On one of my many adventures on the Internet I read an article that had a bunch of parents commenting about how they’re trying to keep their kids away from videogames for as long as possible—sometimes to the age of eight. Sacrilege, I say!
Why do videogames get such a bad rap? Some people play games a little too much and it starts to affect their lives—I understand—but I’m going to wager the cause of their condition isn’t entirely contingent on the sheer awesomeness of a particular videogame. I’ve been a gamer since around the age of five, but I had exposure to educational DOS games in one regard or another since around the time I turned three.
I’ve given it a lot of thought and I only have two regrets concerning videogames in my entire life. The first comes from my childhood peers calling me the typical “nerd!” names because of my hobby. The second is that I spent thousands of hours developing a skill—and I’d like to take a moment to say I am a top-notch gamer skill-wise—that our education system considers completely worthless in regard to awarding scholarships. However, if we apply that logic to everything we’re discouraging developing all skills that don’t reward scholarships—which makes us tailor our lives to whatever the higher education system sees as important around the time we turn 18. That’s rubbish in my opinion.
My father introduced videogames to me in the mid-80s and even before that I learned how to play tabletop strategy games (one of the precursors to videogames). Inevitably I’ll let my own child(ren) play videogames. The question is when. I’m thinking right now that it’s okay to let her play when she turns three. The most insightful studies I’ve read say it’s okay to let your children play videogames as long as they’ve established good play patterns away from the TV set. This means that when the child is in the “let’s dump out all our toys on the living room floor and not play with them” phase it is probably not a good idea to introduce videogames. However, as I watch Elly start to develop her own play-style with her toys I can tell she’s getting closer to being ready.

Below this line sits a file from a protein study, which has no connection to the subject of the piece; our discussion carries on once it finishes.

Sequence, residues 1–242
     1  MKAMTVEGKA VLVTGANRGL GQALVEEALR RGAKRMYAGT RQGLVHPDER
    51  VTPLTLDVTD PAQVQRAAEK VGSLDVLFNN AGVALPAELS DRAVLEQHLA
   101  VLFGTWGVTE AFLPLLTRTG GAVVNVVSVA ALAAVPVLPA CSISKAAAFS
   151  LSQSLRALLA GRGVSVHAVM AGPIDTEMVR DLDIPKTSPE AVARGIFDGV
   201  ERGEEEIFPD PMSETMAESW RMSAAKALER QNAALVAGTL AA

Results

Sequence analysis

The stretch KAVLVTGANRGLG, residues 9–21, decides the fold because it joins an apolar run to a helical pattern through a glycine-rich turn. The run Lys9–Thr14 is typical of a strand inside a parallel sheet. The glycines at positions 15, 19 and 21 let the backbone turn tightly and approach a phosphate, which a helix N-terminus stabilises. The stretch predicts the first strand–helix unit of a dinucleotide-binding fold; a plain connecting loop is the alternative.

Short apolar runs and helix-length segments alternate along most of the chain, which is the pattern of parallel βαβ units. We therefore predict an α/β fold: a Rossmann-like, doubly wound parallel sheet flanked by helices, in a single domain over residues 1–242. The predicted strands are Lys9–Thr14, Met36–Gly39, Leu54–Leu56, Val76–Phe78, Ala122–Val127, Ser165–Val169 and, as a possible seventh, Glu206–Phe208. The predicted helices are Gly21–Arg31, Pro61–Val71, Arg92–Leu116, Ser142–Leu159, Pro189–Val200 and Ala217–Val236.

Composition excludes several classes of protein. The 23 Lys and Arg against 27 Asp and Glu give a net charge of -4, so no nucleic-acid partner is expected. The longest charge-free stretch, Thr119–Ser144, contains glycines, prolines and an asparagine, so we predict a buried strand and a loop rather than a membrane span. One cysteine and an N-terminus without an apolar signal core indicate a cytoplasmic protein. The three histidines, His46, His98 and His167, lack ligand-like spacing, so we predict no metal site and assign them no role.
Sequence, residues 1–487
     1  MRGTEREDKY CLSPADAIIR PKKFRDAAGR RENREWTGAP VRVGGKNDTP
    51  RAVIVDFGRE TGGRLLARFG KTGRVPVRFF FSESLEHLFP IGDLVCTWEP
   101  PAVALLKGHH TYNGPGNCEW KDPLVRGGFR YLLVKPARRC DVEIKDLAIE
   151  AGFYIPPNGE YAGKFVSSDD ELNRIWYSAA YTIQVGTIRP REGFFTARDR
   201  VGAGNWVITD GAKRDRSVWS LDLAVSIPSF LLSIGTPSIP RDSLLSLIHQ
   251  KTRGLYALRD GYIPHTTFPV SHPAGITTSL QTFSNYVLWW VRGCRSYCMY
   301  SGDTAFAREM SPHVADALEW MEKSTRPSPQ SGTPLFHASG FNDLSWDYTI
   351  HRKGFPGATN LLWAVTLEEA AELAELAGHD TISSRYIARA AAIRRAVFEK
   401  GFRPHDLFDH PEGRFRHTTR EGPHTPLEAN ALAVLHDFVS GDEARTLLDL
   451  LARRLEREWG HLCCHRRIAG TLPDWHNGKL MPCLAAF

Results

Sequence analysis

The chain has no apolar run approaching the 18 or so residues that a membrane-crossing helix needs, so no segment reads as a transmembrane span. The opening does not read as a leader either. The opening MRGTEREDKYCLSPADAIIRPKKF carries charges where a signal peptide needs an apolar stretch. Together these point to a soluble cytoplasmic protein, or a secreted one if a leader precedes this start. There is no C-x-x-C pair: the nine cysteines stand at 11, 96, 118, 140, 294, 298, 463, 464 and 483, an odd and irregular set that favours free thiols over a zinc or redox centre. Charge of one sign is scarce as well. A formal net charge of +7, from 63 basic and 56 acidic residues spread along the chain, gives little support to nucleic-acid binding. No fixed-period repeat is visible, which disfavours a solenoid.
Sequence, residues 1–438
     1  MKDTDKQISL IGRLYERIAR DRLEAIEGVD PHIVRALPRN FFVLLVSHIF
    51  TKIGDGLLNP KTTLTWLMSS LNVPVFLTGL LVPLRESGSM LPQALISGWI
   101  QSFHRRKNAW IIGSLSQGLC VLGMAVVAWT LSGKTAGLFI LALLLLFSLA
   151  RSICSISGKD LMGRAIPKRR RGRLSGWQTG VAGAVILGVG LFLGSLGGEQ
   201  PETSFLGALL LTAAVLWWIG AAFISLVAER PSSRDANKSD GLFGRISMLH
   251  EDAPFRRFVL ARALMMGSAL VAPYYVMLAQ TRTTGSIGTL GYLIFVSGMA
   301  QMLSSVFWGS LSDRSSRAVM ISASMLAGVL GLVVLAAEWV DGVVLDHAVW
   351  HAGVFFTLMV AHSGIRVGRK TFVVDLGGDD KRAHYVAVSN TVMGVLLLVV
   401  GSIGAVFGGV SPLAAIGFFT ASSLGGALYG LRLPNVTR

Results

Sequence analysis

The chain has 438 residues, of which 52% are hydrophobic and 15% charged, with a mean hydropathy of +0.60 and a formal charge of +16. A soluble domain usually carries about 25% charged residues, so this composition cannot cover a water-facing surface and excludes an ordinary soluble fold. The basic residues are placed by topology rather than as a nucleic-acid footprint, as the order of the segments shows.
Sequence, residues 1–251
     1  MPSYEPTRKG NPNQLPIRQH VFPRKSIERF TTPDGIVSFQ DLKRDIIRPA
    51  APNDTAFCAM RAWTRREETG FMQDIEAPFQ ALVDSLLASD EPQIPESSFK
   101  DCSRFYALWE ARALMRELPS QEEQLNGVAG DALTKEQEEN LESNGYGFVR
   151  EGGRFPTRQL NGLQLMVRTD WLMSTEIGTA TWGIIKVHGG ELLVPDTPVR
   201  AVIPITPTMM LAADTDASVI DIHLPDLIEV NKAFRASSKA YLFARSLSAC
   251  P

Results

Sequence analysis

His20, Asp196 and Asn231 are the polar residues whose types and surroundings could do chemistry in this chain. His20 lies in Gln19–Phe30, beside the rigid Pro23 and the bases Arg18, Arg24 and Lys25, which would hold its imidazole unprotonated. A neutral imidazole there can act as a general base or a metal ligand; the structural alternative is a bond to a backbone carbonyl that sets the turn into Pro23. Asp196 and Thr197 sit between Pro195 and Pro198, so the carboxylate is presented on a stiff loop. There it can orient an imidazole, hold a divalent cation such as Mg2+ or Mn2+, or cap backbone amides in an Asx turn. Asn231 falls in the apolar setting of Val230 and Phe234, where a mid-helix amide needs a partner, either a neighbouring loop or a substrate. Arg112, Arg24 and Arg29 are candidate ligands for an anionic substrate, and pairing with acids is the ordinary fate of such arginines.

While videogames didn’t help me get into a more prestigious college, they are the catalyst that helped me find direction and success in my career. If I never played Reader Rabbit, Ghostbusters II, or Teenage Mutant Ninja Turtles on my dad’s IBM 8088 (don’t knock Tandy 16) I would have never developed a strong interest in computer programming.
I am the web content producer at my station. I have a master’s degree in Journalism, which doesn’t give me much of a background in the workings of the web. However, my love affair with videogames gave me the drive to learn how to program in BASIC and make my own silly little games. After learning BASIC on my own by reverse engineering programs written by other people I took to learning HTML to program websites at the age of 14. I wasn’t doing this in class: I chose to learn it on my own because I wanted to. Fortunately, my high school offered several computer programming classes that I took and did well in. These classes, however, aren’t in your typical general education programs, so they essentially didn’t count for anything. Isn’t it funny how we weigh an AP Math class as more valuable to someone that will never use more than basic multiplication in their career than we value self-taught skills that a student will directly use in their career?
It’s those skills that I learned as a teenager on my own time that helped differentiate me from the other applicants for my job. I have those skills because I played videogames as a child. I could’ve spent that time improving my soccer skills so I could still develop athletic asthma and still not earn a scholarship I suppose, but in the end all those hours I spent playing videogames fascinated me enough to master a skill that would help me more in my career (and life) than any scholarship could have.
So are videogames really the enormous waste of time we like to think they are? My parents didn’t think so enough to keep me from playing them and I’m thankful for it. So I won’t deny my child(ren) the same opportunity.
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